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13 October 2020

Review - Hinterland by LM Brown

Cover image: “Roses on Red Chair” © Kathy Bradshaw
Cover image: “Roses on Red Chair”
© Kathy Bradshaw
LM Brown
Fomite Press, 13 October 2020
Available as: PB, 324pp, e
Source: Advance e-copy
ISBN: 9781947917583

I'm grateful to the author for an advance e-copy of Hinterland to consider for review.

Hinterland is an intense, closely observed study of one family living in a Boston suburb over a decade or so in the early 2000s.

We meet Nicholas ‍Giovanni, a taxi driver, whose main focus in life is the protection of his young daughter, Kate. When first introduced, he is sneaking away from his nightshift and back into the house while baby Kate and her mother Kathleen sleep, to check that all is well with Kate. A devoted father, or just this side of creepy? 

Kathleen herself is a troubled woman - how much so we'll only slowly discover - who is riled when Ina moves back in next door. Ina's mother Tilly has had a fall (Nicholas discovered her in the snow in her back garden) and Ina has returned to look after her. Nicholas, Tilly and Ina know each other well (Nicholas is still living in his childhood home, he and Ina grew up together) - and it's soon clear there is history here ('it had been hard to be in the same room as Ina'). What, exactly, and what sort, you need to discover for yourself - Brown will reveal this slowly as the months and years move forward and a catastrophe strikes Nicholas's little family, leaving him to care for Kate alone (alone, with help from Ida).

The characters will grow on you. Nicholas is always uneasy, trying to control everything, especially Kate (for example, he's unwilling to let her go to the playground alone, following her even when she tells him not to). At one point we are told of Nicholas that 'It was impossible to know exactly how to feel', as though he is an actor on stage waiting for direction. 

Kate misses her mother ('She wondered constantly where her mother was, if she had fallen and hurt herself, if she had forgotten where she lived...'), aware of a great absence that nobody will talk about. Nicholas won't be frank with Kate about the thing that has happened - understandably, you might think, but it leaves Kate so wounded and he refuses to do the one thing that might set things right. Why, we can only speculate.

And Ina, Nichola's sister-in-law, who seems part of, and not part of, this odd family, helping out, but resented, resenting. There is, as I said, history here - and secrets to be revealed - with Ina's and Nicholas's relationship now playing out a pattern that's rooted in events of twenty years before. The tension that Brown sketches between the two is electric, one almost feels the words crackle as one reads them, and there is a sense in which everyone else in the book - even Kate - is in their shadow, having to work round them, make space for them, if unconsciously. So Kate and, for example, Nicholas's brother Stefano and son Cooper, when they turn up, are all puzzled, stepping round in a dance they don't comprehend to accommodate Nicholas and Ina.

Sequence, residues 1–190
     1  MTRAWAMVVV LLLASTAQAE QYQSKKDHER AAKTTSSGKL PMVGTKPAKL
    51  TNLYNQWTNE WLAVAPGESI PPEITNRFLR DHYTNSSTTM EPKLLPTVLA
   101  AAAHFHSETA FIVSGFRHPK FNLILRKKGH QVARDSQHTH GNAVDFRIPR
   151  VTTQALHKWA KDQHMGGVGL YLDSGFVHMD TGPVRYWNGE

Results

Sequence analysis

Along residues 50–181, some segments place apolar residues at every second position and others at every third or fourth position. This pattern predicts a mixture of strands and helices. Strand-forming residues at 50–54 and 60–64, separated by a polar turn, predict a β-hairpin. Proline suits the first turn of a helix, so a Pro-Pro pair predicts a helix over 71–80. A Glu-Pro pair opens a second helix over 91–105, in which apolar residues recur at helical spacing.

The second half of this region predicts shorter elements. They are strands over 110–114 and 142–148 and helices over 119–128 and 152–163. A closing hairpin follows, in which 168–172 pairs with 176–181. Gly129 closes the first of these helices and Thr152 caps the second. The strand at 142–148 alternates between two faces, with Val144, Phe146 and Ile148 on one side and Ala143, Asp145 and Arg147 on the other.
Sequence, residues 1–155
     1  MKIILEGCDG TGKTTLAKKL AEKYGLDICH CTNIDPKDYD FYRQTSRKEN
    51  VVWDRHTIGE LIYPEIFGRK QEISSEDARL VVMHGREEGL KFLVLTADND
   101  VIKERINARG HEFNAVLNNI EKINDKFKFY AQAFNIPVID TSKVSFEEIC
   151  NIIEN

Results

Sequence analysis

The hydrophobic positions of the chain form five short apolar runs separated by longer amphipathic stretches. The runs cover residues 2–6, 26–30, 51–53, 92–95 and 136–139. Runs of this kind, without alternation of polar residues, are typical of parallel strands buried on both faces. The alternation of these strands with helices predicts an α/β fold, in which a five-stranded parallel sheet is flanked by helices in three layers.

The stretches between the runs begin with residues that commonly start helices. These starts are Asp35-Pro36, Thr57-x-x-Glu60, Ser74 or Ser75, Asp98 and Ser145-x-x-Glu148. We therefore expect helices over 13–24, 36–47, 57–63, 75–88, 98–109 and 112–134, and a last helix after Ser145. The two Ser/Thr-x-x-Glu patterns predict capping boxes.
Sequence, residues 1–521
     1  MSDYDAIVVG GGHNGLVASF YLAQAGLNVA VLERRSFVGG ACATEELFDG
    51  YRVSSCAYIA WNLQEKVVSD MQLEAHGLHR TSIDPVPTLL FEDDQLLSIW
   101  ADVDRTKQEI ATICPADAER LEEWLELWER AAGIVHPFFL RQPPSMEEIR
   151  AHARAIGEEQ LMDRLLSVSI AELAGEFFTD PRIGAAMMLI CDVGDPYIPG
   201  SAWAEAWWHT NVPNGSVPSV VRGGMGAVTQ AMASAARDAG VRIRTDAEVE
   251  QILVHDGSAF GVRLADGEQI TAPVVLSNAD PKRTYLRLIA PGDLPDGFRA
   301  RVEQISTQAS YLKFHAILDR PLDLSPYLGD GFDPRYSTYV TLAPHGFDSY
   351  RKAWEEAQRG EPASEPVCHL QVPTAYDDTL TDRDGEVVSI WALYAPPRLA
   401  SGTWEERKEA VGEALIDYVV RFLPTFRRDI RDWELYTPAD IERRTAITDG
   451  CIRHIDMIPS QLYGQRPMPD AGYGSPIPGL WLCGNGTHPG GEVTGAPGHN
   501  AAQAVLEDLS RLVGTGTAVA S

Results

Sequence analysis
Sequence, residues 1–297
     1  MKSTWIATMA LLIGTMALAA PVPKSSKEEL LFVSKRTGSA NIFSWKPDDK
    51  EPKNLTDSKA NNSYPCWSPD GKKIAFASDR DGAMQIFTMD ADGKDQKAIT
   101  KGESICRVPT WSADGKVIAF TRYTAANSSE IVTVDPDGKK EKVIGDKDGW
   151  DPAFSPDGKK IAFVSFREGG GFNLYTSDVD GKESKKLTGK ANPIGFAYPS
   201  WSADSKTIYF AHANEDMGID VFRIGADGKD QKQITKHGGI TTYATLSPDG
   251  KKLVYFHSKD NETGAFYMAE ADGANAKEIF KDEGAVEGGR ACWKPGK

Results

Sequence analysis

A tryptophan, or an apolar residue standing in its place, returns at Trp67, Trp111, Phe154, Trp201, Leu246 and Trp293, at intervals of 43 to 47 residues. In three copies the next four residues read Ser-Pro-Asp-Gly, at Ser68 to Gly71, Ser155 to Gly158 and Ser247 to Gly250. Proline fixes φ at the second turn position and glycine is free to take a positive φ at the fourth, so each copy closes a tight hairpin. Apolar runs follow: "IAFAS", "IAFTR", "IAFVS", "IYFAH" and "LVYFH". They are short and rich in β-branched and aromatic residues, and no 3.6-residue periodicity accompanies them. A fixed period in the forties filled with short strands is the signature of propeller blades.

It's a dance that Kathleen never learned to perform: so early on, she has to leave the stage and this fascinating woman is mostly seen in glimpses, memories, the reports of interested parties and experts. She's always interpreted by others, analysed, argued over. Yet even in her absence Kate seems to have a bond with her and a major theme of the book is Kate's quest for her mother, a quest that's sometimes overt but sometimes hidden even from her. An inevitably that quest opens up a rift with Nicholas, who's so wound up in keeping the truth from his daughter that he seems almost stop knowing her, his understanding of her personality drifting from that seen by everyone else ('he never thought that Kate could be a completely different person outside her house.')

That does give the book a vein of melancholy, but it's never maudlin. And Brown's characters are complex and real enough that - while one may not like all of them - one comes to understand them and want the best for them (even Nicholas, who, as I have said, does sometimes exhibit a worrying degree of obsession and control).

I would recommend Hinterland, both to readers of Brown's previous stories - for example her collections Treading the Uneven Road ‍and ‍Were We Awake - and those who are new to her writing. 

For more information about Hinterland, see the publisher's website here. You can purchase the book from Amazon here

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